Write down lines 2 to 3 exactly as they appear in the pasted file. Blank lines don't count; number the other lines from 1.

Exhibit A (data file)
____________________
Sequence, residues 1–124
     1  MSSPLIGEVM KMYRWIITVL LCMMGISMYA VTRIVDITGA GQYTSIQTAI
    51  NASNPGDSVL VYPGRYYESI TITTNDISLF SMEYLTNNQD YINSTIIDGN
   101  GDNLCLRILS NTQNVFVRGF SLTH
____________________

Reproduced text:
     1  MSSPLIGEVM KMYRWIITVL LCMMGISMYA VTRIVDITGA GQYTSIQTAI
    51  NASNPGDSVL VYPGRYYESI TITTNDISLF SMEYLTNNQD YINSTIIDGN